How to Make a Rain Chain from Copper

A rain chain is more than just an alternative to a downspout. It is a piece of beautiful, functional art that will enhance your home and garden.

Originating in Japan, rain chains come in a variety of styles and designs, from a chain of simple links to a string of connected cups or funnels. Rain chains serve the practical purpose of directing and aiding the collection of rainwater, as well as the aesthetic purpose of adding beauty to your environment. A rain chain is also soothing to the soul as you listen to the soft trickle of the rainwater as it makes its way down the chain. With basic soldering skills and some relatively inexpensive supplies from your local hardware shop or home supply store, you can make your own lovely copper rain chain at home.


  • Approximately 50 feet or so of 1/4-inch copper tubing. The exact amount will depend on how long you want your chain to hang, as well as how large you wish to make the links of your chain.
  • PVC pipe in the width you'd like your chain links to be; 2 to 3 inches wide is best.
  • Pruning shears or rotary cutting tool
  • Soldering supplies

Begin by trimming off a 9- to 12-inch piece of the copper tubing and setting it aside. This will be used later, to hang your rain chain. Wrap the remaining tubing around the PVC pipe very tightly, forming a large coil. Do not rush this step; take your time and work carefully, or else your chain links will not be uniform.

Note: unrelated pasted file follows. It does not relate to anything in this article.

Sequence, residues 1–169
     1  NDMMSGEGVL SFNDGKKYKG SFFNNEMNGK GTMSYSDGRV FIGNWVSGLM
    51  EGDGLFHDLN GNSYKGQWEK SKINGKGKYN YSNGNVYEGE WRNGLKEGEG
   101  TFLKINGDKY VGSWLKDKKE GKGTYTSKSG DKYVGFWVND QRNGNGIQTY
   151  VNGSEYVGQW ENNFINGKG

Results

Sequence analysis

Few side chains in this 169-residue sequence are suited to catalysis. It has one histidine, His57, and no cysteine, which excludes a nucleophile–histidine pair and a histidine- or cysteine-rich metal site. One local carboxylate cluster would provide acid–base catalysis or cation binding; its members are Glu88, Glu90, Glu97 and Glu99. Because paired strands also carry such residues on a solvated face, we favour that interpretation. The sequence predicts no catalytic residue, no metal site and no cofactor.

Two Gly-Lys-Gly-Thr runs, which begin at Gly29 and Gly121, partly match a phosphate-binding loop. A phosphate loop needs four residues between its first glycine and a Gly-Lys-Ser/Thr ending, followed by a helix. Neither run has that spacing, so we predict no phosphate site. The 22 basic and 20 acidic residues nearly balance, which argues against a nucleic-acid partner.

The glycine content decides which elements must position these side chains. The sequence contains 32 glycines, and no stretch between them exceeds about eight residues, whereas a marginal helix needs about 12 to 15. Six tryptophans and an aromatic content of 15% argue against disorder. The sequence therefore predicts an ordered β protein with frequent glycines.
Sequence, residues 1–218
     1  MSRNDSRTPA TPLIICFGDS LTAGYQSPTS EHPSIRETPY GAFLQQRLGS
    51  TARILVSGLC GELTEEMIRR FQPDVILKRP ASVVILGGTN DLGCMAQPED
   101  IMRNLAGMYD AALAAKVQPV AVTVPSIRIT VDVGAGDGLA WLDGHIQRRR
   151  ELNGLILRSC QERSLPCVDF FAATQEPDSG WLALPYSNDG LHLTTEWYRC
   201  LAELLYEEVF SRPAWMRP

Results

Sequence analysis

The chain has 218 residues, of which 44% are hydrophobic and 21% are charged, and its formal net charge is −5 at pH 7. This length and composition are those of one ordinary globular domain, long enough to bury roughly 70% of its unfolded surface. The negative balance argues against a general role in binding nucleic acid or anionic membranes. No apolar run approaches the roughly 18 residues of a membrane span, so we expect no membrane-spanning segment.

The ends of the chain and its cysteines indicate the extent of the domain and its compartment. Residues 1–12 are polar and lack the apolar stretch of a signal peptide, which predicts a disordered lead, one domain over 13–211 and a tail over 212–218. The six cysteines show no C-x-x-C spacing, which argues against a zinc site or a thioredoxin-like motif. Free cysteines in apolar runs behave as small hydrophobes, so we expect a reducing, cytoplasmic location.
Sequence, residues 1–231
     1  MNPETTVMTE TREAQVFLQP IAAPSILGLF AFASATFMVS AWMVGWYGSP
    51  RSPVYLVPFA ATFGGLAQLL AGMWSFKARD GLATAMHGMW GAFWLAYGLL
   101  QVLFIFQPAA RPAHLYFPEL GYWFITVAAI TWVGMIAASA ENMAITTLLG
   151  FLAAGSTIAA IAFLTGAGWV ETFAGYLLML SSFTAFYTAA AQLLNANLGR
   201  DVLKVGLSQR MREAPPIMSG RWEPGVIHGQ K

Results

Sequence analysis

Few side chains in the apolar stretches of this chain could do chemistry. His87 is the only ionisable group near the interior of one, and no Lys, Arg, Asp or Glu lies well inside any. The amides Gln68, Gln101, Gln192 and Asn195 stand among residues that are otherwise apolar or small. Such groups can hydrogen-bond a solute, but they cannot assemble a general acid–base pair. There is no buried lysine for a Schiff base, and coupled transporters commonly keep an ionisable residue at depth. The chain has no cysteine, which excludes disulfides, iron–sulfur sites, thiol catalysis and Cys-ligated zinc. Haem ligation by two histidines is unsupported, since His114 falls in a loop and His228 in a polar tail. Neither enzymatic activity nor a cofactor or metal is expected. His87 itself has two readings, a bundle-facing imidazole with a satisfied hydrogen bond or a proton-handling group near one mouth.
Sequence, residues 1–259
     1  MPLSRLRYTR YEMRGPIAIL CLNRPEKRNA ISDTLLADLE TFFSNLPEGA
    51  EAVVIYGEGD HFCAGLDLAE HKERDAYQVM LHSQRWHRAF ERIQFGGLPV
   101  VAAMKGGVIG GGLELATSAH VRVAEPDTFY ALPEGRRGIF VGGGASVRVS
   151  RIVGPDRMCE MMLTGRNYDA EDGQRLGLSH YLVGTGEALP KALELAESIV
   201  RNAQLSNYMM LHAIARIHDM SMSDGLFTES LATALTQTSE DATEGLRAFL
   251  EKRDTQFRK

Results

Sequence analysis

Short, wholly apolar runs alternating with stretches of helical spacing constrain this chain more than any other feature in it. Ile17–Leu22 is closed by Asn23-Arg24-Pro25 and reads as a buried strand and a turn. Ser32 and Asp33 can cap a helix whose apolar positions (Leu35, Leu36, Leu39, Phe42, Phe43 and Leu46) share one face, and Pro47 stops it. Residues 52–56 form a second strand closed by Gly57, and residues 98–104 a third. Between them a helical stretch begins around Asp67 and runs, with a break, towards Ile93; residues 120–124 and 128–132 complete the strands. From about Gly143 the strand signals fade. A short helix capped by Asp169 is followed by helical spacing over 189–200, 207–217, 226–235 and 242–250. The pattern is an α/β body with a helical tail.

Next, slide the tubing off of the pipe. You will now be holding what looks like a large spring. Using pruning shears or a rotary cutting tool, cut straight down one side of the coil, to form rings. Carefully attach the rings together into a chain. Solder the cut edges of each ring together.

You are now ready to hang your new rain gutter chain. Remove the existing downspout from your gutter. Slide the length of tubing you reserved at the beginning through the top link of your chain. Slip the straight piece into the hole where the downspout was, then place it flat inside the gutter, resting across the hole for the downspout, so that the chain is hanging down to the ground.

On the next rainy day, you'll enjoy the peaceful, trickling sound of your new copper rain chain.

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